NFL Drafts KC for the Win: Football Super Fans and National Media Head to Kansas City

The upcoming NFL Draft in Kansas City is likely the world’s biggest business meeting.

At its core, the draft is a caucus of 32 mega-million-dollar organizations gathering remotely on April 27-29 to pick their next generation of on-field employees.

Hundreds, maybe thousands of media companies, bloggers, vloggers, podcasters, and TikTok’ers will broadcast and stream the event out to millions of viewers and listeners around the world.

And for all three days of the draft, all those eyes will be focused on KC.

Meanwhile, live at Union Station, the crowd will be just as impressive. Think Chiefs Super Bowl victory parade-impressive. “We’re expecting—conservatively—300,000,” says Kathy Nelson, CEO of VisitKC and the Kansas City Sports Commission.

That may be a real understatement. In 2019, when the draft was hosted by Nashville, home of the Tennessee Titans, approximately 600,000 attended, creating an economic impact of about $130 million.

So, yeah, this is kind of a big deal.

For much of its history, the NFL draft, the annual convention of pro football teams picking incoming amateur players, was held in New York City. Far from the spectacle it has become, the first draft was held in 1936 in a Philadelphia hotel. As the event grew in popularity, it moved to larger venues in New York before the League eventually decided to try it out on the road. Chicago hosted it for two years. Dallas, Philadelphia, Las Vegas, and Nashville all have hosted it.

In 2019, Kansas City was chosen to host this year’s event.

Ironically, the 2015 Royals’ World Series parade may have helped land the NFL draft, specifically that photo of Union Station and the surrounding area covered in a sea of blue. “When people really dig in and see that those are people, that’s a game changer for us,” Nelson says. “That picture from that day in 2015 has been worth millions of dollars of economic impact to Kansas City.”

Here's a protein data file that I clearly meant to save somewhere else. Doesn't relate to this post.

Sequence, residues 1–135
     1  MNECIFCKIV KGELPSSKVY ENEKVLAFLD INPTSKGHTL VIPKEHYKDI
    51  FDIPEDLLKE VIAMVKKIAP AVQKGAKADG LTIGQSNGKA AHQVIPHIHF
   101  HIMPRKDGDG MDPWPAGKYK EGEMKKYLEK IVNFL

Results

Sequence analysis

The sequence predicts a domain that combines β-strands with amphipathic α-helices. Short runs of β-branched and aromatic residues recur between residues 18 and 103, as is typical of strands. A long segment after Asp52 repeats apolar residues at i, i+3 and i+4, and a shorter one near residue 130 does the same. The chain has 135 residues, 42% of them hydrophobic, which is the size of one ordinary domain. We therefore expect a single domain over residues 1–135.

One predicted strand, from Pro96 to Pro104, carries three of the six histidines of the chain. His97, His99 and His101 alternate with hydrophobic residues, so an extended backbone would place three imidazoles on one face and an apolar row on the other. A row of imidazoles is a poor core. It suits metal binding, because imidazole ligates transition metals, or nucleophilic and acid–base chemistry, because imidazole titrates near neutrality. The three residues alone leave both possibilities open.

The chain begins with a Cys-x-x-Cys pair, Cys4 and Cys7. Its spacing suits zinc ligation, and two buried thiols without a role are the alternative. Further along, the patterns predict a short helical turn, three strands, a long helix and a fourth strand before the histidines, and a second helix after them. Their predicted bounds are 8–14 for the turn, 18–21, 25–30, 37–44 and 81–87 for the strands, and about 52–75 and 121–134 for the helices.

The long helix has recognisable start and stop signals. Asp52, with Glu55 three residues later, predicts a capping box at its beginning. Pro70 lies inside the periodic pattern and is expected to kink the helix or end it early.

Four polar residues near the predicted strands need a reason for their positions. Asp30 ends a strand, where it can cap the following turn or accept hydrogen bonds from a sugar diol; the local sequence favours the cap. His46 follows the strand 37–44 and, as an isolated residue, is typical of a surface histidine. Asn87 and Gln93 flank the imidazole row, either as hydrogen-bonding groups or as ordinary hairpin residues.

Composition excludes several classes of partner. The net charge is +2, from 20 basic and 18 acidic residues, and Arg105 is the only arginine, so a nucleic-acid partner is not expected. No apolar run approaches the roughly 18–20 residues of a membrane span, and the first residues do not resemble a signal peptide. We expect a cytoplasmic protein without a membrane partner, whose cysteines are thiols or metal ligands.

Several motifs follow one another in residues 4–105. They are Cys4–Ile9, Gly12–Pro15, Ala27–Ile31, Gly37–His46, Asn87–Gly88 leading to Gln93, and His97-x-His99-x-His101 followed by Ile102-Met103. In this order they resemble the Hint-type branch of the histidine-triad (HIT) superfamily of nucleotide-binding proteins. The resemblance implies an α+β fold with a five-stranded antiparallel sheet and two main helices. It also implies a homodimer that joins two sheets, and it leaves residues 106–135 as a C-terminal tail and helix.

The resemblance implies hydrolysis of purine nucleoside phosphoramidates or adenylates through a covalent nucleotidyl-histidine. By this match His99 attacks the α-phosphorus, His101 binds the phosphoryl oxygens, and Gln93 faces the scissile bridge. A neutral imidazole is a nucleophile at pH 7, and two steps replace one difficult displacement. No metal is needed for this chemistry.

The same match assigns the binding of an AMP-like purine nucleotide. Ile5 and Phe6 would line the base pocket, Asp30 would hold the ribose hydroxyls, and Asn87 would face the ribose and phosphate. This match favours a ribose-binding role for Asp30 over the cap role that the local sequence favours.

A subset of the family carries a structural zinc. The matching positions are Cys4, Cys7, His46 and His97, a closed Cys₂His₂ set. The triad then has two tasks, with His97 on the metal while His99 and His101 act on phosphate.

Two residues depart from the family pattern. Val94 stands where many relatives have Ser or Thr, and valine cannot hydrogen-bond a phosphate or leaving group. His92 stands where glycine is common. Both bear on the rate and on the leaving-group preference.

Kansas City started pitching for the NFL Draft in 2015. The group had to convince the draft committee that KC had the transportation, hotels, and the people to support it.

“It was bizarre,” Nelson says. “When we were in New York pitching, of the group of 27 from the NFL who were there when we went to pitch, only three of them had been to Kansas City. So, one of the sticking points was proving our city was capable and wanted to host it.”

Once the NFL visited what they called our “robust” city, they could envision the draft here. Chiefs Kingdom. The streetcars. Power & Light. T-Mobile Center. Union Station. And the people. Not just the ones who sell out Arrowhead Stadium, attend the Big 12 Tournament, or fill up Power & Light during soccer games. Everybody.

Nelson says one committee member said she grew up on the East Coast, lived in New York, and she’d never worn a shirt that had a New York logo on it.

“‘In Kansas City, all of you live here and you wear it on your clothes,’” the woman said, according to Nelson. “She was just blown away by the pride in our city.”

The 2023 NFL Draft will take place in Kansas City in the iconic area around Union Station and the National WWI Museum and Memorial, with the addition of a large stage on the south side of the station and two massive projectors flanking the stage.

Now that we’re weeks away from this dream becoming reality, there’s still plenty of work to do. Most of April will be spent building the stage where NFL Commissioner Roger Goodell (or a team representative) will announce each team’s draft picks. The NFL is using some local contractors to do the job. The stage itself won’t be complete until a couple of days before the draft.